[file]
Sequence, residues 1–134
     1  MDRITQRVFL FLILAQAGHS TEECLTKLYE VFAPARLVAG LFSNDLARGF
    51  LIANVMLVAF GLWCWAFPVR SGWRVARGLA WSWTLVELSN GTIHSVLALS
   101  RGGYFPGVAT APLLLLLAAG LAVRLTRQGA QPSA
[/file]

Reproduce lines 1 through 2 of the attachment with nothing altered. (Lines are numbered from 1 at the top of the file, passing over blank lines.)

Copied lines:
Sequence, residues 1–134
     1  MDRITQRVFL FLILAQAGHS TEECLTKLYE VFAPARLVAG LFSNDLARGF